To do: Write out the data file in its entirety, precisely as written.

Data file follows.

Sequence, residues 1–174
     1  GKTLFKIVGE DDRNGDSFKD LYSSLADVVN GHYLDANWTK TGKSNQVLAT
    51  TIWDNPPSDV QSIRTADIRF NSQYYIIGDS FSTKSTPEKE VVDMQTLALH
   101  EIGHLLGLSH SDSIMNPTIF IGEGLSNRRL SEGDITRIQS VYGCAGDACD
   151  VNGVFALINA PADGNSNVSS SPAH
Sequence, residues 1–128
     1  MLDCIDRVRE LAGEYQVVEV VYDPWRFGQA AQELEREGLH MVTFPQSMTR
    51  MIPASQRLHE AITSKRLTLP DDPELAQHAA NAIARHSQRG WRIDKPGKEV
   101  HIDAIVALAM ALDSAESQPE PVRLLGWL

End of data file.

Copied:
Sequence, residues 1–174
     1  GKTLFKIVGE DDRNGDSFKD LYSSLADVVN GHYLDANWTK TGKSNQVLAT
    51  TIWDNPPSDV QSIRTADIRF NSQYYIIGDS FSTKSTPEKE VVDMQTLALH
   101  EIGHLLGLSH SDSIMNPTIF IGEGLSNRRL SEGDITRIQS VYGCAGDACD
   151  VNGVFALINA PADGNSNVSS SPAH
Sequence, residues 1–128
     1  MLDCIDRVRE LAGEYQVVEV VYDPWRFGQA AQELEREGLH MVTFPQSMTR
    51  MIPASQRLHE AITSKRLTLP DDPELAQHAA NAIARHSQRG WRIDKPGKEV
   101  HIDAIVALAM ALDSAESQPE PVRLLGWL